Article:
‘OTT, OTT, OTT,’ chants the baying crowd as they hold cans of beer aloft looking over an empty wrestling ring from a height. It’s a mixed crowd of all adult ages and sexes. Art type students skulk by with plastic cups of beer, bikers in leathers sit beside men in dapper suits and women with glamorous dresses, middle aged friends sport their favourite wrestling team on their t-shirts whilst supping their pints between their banter, young men with brand new clothes chat enthusiastically with their bemused dates. Then the lights in the Tivoli dim and the voices start to quieten. A projection plays on one of the walls on a circular screen, it’s like a search-light and everyone’s eyes are fixed on it.
What plays is an interview between rival wrestlers and why they are motivated to win. Then the film stops and the protagonists enter the ring, the crowd jumps to its feet and the roaring and cheering starts again. It’s Shakespearean in it’s drama, father against son, upper class against the lads from the flats. Good versus bad.
It would be tempting to over intellectualise it but what’s very clear is that people like escapism, they like cheering for an underdog that wins against the odds, it echoes the mythology and storytelling that is so ingrained in us.
‘It’s just so unique. There’s nothing out there like it. I can’t compare it to anything else, to me it’s just the ultimate entertainment show. Theatrics, comedy, comic book violence, there’s everything in it,’ says Leonard Hanna.
Hanna is the co-promoter of main-stage wrestling and over the top wrestling (that’s what OTT stands for). He also runs the main-stage wrestling academy and gives personal training classes. He’s sitting beside the wrestling ring that resides on the top floor of a warehouse in an industrial estate in Ballyfermot. Colourful posters of wrestlers are stuck to the wall, you can hear the thud of weights hitting the ground in the gym below as American rock songs blast out.
Hanna is softly spoken but very focused and engaging when explaining the world of wrestling. ‘The personal training is my day to day job but the pro wrestling has gone from a hobby into a second job. I grew up with two older brothers and they were both interested in pro wrestling when they were younger but grew out of it,’ he laughs knowing that people assume it’s a childish phase but obviously for him it wasn’t. ‘I’ve always been interested in it because it’s just a great form of entertainment. I get such a release watching it. To me it’s like mindless TV. You know that type of TV that you can just switch on and the mentally switch off, there’s nothing better!’
He used to work in construction but could see that work was starting to dry up, he also wanted a change so ‘I decided to do a course with the national training centre and in 2011 I set up my own gym.’ That was when he started doing weekly wrestling classes, over time it outgrew the premises.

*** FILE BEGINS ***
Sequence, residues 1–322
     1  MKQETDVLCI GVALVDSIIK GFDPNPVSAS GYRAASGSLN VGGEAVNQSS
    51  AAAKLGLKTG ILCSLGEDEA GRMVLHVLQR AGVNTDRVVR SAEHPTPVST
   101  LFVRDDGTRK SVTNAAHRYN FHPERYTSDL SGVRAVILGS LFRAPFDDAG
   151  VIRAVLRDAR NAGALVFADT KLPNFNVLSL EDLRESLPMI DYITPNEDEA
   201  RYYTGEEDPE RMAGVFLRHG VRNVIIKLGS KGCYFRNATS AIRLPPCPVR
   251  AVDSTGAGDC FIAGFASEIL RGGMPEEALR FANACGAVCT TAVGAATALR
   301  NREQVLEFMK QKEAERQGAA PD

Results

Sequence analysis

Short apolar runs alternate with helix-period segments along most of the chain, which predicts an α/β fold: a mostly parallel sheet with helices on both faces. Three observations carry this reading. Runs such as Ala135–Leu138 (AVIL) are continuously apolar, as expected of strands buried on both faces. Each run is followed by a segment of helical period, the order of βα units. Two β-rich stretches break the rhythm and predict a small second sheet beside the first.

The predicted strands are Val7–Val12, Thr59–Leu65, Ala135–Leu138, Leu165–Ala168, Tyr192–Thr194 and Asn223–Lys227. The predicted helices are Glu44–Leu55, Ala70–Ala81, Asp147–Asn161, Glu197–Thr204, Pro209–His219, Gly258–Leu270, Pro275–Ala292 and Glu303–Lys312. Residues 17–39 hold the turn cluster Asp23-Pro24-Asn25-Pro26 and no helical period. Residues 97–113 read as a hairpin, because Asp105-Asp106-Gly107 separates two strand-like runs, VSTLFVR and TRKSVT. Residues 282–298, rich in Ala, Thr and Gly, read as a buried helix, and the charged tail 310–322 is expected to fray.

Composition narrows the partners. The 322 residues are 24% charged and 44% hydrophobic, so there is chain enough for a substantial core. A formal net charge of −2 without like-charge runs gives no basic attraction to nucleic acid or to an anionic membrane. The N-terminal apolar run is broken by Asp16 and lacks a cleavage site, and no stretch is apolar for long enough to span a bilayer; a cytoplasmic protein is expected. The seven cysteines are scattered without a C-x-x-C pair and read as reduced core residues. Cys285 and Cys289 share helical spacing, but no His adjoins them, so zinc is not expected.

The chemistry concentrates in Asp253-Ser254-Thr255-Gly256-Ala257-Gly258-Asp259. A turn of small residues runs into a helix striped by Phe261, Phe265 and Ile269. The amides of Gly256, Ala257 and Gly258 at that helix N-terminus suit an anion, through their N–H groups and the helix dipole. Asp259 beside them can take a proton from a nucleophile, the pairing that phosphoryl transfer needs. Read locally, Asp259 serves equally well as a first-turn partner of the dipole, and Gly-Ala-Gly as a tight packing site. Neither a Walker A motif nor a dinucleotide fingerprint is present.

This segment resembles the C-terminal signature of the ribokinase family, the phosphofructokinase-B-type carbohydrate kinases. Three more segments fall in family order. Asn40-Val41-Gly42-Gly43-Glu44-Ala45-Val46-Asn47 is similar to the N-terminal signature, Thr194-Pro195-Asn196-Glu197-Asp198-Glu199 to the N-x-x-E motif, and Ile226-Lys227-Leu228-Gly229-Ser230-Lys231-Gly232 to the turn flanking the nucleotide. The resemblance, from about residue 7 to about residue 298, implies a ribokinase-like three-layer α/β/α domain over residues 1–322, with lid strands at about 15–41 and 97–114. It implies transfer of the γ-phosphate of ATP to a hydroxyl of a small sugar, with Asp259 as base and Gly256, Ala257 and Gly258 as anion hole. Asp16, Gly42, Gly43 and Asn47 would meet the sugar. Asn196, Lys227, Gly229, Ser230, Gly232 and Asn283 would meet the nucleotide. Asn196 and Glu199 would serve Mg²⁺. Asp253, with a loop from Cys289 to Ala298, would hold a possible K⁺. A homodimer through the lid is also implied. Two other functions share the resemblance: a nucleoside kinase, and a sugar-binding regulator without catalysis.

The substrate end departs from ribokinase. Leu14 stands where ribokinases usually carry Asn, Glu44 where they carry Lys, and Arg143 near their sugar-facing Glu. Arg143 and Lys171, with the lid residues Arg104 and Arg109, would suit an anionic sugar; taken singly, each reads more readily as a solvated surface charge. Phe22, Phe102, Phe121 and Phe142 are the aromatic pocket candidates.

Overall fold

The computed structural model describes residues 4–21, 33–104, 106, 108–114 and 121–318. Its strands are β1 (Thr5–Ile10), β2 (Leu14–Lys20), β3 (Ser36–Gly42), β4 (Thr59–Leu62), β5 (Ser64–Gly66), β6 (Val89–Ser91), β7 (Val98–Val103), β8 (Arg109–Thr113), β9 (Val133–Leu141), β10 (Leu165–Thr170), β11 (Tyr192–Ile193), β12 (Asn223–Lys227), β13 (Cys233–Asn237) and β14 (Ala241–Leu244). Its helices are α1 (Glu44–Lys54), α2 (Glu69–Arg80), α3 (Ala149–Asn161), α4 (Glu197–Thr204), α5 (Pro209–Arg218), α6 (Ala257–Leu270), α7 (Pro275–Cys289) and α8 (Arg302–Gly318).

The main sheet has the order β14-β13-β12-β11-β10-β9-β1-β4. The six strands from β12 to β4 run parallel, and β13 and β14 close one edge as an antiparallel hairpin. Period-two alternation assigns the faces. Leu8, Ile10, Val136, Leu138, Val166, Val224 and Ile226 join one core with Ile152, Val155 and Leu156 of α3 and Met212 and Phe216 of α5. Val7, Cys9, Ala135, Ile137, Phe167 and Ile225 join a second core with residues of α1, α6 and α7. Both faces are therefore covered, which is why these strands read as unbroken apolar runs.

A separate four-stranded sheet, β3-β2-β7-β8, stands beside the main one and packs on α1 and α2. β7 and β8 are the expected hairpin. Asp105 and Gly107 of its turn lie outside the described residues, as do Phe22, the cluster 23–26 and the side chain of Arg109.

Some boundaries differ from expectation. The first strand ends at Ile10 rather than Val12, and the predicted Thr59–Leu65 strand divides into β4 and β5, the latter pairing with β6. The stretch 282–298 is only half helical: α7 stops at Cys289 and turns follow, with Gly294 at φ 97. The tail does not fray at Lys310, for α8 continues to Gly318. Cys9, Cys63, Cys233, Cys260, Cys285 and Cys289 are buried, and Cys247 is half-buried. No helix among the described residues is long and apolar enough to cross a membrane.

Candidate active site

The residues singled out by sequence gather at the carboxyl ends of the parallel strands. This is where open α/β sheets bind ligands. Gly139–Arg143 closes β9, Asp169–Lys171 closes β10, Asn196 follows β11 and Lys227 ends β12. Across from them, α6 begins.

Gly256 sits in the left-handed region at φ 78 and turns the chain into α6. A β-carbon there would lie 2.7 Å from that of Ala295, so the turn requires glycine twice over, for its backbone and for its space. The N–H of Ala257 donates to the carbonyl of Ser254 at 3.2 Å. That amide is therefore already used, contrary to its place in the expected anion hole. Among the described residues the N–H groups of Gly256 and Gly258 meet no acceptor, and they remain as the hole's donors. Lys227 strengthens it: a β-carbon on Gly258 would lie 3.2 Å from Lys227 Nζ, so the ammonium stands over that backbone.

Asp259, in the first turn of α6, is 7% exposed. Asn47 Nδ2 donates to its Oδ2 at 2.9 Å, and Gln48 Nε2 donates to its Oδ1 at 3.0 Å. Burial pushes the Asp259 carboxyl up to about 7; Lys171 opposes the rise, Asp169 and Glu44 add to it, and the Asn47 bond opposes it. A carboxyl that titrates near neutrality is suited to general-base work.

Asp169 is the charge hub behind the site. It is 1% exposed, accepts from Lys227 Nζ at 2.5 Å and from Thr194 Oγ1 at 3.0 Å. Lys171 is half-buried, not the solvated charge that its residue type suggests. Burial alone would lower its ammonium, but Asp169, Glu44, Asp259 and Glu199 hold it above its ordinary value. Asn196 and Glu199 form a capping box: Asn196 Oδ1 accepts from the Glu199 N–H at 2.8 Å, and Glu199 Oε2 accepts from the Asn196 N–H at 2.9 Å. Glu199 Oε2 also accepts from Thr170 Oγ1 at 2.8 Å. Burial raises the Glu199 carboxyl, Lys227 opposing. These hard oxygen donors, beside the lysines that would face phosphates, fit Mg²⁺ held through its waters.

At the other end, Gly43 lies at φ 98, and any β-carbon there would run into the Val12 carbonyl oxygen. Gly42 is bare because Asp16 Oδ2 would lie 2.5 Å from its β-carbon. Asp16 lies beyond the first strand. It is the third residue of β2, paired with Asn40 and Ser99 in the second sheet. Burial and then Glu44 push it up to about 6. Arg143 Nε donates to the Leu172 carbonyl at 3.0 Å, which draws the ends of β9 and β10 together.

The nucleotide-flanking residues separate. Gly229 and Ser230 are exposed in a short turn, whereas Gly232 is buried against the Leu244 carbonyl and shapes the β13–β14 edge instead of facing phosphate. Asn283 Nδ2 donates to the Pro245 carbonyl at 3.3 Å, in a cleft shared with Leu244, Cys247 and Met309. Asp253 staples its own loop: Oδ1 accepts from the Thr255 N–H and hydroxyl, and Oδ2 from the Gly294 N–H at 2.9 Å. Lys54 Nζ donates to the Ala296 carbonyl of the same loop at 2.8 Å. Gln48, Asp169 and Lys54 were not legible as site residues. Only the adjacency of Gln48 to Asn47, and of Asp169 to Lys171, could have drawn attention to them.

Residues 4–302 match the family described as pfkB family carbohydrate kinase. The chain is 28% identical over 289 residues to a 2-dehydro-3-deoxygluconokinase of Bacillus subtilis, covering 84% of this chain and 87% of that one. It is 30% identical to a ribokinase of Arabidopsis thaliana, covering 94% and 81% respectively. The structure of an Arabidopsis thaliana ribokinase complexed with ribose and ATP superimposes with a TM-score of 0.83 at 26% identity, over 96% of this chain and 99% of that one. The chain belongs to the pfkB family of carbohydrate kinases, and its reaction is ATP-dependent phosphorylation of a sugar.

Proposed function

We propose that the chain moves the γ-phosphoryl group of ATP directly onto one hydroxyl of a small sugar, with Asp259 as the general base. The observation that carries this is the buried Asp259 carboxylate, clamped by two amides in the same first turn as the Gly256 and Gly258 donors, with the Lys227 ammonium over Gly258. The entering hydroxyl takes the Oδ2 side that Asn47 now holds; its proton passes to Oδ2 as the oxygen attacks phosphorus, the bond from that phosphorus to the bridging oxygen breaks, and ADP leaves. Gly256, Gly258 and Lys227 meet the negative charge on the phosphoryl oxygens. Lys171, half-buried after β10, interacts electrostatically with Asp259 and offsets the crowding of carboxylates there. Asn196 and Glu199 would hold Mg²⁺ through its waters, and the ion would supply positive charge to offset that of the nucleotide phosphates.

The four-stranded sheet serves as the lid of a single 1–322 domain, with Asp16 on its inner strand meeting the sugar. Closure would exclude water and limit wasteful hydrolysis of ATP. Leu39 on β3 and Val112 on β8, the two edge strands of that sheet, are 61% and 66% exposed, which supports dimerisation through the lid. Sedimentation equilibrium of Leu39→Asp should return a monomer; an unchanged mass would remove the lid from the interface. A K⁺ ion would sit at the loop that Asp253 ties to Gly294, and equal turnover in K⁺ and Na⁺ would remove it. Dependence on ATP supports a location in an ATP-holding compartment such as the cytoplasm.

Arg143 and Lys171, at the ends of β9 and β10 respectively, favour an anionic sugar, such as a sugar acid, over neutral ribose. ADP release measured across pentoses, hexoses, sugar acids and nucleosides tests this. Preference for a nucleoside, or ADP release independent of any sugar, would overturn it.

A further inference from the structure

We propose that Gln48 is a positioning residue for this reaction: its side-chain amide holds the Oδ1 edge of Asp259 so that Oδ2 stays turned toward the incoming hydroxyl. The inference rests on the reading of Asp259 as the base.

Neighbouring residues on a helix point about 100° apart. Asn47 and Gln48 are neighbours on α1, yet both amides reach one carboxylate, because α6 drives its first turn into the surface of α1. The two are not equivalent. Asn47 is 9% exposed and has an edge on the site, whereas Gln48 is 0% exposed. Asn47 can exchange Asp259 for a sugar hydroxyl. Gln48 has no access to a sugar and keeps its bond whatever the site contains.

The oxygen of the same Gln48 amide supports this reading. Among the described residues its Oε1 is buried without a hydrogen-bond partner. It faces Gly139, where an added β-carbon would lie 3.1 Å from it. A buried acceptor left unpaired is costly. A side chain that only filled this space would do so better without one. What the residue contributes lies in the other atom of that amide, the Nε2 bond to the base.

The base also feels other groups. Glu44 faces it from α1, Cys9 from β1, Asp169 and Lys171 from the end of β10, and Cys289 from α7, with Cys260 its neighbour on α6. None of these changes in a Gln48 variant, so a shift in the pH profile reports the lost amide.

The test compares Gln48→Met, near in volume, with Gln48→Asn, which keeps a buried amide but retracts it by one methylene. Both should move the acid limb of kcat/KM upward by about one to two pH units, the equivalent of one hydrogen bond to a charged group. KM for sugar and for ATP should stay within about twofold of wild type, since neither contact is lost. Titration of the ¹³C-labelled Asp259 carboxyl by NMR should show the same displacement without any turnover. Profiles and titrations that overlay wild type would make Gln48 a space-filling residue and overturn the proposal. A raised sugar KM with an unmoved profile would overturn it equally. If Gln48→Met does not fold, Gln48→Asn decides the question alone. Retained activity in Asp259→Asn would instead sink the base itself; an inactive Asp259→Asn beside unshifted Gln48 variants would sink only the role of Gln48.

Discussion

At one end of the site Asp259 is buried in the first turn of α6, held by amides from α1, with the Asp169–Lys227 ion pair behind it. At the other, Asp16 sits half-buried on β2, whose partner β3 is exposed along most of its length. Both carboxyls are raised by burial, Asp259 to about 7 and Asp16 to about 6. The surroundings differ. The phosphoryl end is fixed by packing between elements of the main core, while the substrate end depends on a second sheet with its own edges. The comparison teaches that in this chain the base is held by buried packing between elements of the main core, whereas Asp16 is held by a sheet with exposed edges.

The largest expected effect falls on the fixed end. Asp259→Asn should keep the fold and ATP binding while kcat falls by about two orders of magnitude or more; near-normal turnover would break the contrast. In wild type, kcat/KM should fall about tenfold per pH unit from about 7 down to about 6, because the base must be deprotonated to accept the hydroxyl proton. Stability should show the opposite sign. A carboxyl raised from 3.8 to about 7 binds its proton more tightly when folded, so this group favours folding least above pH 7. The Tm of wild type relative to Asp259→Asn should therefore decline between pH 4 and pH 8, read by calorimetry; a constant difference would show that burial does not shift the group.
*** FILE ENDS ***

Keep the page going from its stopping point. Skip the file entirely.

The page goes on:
He has amassed a loyal crew of volunteers that help bring the show to life, from videographers to lighting staff, Hanna even works the check in booth on the night of an event. ‘We use the best performers we can get. We fly guys in from England and The States.’ His pursuit of perfection is obviously working as the fan base continues to increase. ‘This year we did the Fringe Festival, we were told it was the highest selling show in the Fringe Festival’s twenty-one year history. We ended up having to turn people away.’
Getting to it’s current level of success took a lot of convincing. When looking for a venue they regularly were faced with skepticism. ‘People asked why would adults like that, we still get that.’ Lucky for them the Tivoli took a gamble, ‘getting a venue like that was crucial to the success. It’s got great sound and lighting which adds to the production value.’ They had to sign up for six months of shows, ‘if the first one bombed we’d basically screwed but it didn’t!’
Pro-wrestling like Hanna said is pure entertainment, over the past two decades WWE (World Wrestling Federation, it used to be WWF) has deviated from it’s roots, that is it just caters for children. Arguably that direction is a lot more profitable. Hanna was and is obsessed with resurrecting wrestling that is catered towards an 18+ audience. ‘When WWE was at its peak it catered towards the older audiences, that was when it was at its most entertaining. We probably get compared to that type of WWE a lot, our shows are very nostalgic for that time.’
But what about all the different types of people that go to watch it? A lot of them would be too young to remember Hanna’s favourite wrestler, Mick Foley. ‘I think a lot of people thought this is a weird looking show when they saw a poster of it on a lamp post or online,’ he smiles. ‘Curiosity made them check it out and they ended up loving it! It’s just so different to what’s on offer for a night out and that’s a lot of the appeal.’
He’s right, when it comes to entertainment options In Dublin, it’s a rarity. In the world Hanna helps create there is justice, redemption and reward for the person that works hard, it’s a fair world basically. Unlike the world outside the Tivoli which is a murkier place to navigate, a place where white collar crime is celebrated and political apathy is accepted. The wrestling that Hanna creates allows the punter to vent that frustration, it’s OK to hurl abuse at the toff wrestler or to rave with the wrestlers from the inner city flats.
The show is ridiculous and yet there is something oddly comforting about that, like eating a custard cream in front of the fire watching Knight Rider. ‘I attribute the success to the comedy of it. It’s really a variety show, there’s something for everyone.’ It is able to laugh at itself and there is something very liberating in that formula.